Corona beer together with Parley For the Ocean took a big step in its project to generate awareness about marine plastic pollution. The brand decided to repurpose waste plastic bags to create a one-of-a-kind art exhibition. Corona used waste plastics to reproduce Old Masters of famous paintings.
Corona Repurposes Waste Plastic Bags for Brazilian Art Exhibition
The beer brand had an open-air gallery in the Paulista Avenue where they showcased their one of a kind gallery. The artworks in the exhibition were made by the artist and activist Eduardo Srur. To create the exhibition activist artist Eduardo Srur went fishing among some of Brazil’s biggest city rivers. He did this to amass a stockpile of discarded plastic bags. These plastic wastes were used to reproduce popular artworks from over 100 years ago.
Artworks like Leonardo da Vinci’s “Monalisa”; Edvard Munch’s “The Scream” and Hokusai’s “The Great Wave of Kanagawa” were recreated. By reproducing all these artwork from over 100 years old, the brand was trying to show that the raw material used in the artworks remains in nature as much as masterpieces in the history of art. They were also trying to shine a light on how this material negatively affects the environment.
More on Corona’s Art Exhibition
Corona’s exhibition was created to raise awareness and involve the population of the largest city in the country, as well as its visitors, in the fight against the incorrect use and disposal of plastic. After the whole art exhibition, the brand and the artist plan to auction the pieces. The sales profit from the auction will be donated to Pimp My Carroça.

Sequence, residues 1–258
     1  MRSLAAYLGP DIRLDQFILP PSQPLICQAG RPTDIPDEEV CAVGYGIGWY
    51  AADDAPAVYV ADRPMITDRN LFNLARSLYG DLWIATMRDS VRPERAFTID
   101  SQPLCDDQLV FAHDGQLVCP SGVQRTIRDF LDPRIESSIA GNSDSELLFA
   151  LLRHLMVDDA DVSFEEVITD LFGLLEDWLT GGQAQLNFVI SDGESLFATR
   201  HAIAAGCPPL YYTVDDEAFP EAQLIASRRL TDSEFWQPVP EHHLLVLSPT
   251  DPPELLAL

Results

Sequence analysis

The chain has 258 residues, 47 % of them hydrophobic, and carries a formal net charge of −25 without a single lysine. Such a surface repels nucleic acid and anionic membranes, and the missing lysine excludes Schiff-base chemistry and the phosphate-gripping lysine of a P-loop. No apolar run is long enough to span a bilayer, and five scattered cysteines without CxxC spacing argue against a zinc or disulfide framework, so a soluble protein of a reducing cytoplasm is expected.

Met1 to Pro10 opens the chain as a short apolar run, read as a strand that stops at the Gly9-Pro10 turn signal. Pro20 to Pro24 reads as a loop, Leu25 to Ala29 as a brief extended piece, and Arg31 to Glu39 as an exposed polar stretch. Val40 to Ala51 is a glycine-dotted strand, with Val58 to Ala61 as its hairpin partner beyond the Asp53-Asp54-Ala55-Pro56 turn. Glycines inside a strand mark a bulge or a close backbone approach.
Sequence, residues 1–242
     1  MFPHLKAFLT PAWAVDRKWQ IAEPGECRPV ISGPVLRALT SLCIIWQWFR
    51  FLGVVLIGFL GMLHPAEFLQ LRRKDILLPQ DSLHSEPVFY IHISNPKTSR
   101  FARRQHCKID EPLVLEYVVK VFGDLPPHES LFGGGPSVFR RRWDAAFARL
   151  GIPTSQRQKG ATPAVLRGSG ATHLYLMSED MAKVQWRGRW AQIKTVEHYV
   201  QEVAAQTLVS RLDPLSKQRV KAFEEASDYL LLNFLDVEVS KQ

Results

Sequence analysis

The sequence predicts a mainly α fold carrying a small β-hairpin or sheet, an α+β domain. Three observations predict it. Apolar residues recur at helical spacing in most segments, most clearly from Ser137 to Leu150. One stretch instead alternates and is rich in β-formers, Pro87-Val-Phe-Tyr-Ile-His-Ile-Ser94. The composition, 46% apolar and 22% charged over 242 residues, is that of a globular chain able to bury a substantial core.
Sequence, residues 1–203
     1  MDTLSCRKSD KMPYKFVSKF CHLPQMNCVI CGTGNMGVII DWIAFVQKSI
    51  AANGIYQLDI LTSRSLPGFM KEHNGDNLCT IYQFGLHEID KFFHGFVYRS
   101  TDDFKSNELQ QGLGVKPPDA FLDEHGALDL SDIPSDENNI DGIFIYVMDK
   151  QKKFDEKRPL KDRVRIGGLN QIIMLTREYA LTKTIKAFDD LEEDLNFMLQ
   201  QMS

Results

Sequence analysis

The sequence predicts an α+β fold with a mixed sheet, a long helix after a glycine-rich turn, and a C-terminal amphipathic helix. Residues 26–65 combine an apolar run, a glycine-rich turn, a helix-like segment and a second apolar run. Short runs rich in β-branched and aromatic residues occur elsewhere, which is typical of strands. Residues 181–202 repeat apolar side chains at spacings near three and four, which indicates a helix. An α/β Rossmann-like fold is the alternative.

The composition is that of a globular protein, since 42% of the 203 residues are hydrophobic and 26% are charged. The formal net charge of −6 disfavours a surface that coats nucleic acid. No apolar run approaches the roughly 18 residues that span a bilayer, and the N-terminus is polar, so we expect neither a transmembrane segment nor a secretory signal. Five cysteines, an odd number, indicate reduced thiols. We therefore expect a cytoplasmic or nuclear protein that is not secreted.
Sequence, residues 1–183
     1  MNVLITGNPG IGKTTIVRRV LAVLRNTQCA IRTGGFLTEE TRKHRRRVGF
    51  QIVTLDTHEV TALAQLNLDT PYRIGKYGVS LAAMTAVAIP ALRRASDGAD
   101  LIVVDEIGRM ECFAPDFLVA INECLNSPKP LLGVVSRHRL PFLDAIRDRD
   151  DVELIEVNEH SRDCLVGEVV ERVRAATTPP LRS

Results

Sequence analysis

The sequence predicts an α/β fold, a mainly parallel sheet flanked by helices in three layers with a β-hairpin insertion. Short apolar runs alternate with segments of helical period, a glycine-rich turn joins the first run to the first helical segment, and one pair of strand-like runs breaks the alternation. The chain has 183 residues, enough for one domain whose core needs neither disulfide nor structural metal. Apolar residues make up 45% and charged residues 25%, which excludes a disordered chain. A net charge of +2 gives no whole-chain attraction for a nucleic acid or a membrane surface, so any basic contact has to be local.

Pimp My Carroça is a movement that has been working since 2012 to steer waste pickers away from invisibility. They are also working to increase the incomes of the waste pickers. They do all this through art, awareness, technology and collective participation.
Corona and Eduardo Srur Speak on the Exhibition
Bruna Buás, Corona’s marketing director spoke about the exhibition and whole initiative. He talked about how Sao Paulo is the most populous city in South America and receives thousands of visitors daily. Buás mentioned that this fact is a huge opportunity for the fight against plastic waste. He stated that their partnership with Eduardo Srur is the first step for these people to get even more involved with the cause, as people from Sao Paulo also play a key role as change agents to help protect their paradise.
Srur added: “If these artworks are present in the history of civilization for more than 100 years, the plastic you throw in nature will be too. The ocean is the mother of all rivers, so the plastic we throw on the streets of São Paulo will go to our polluted metropolitan rivers that flow into the sea.”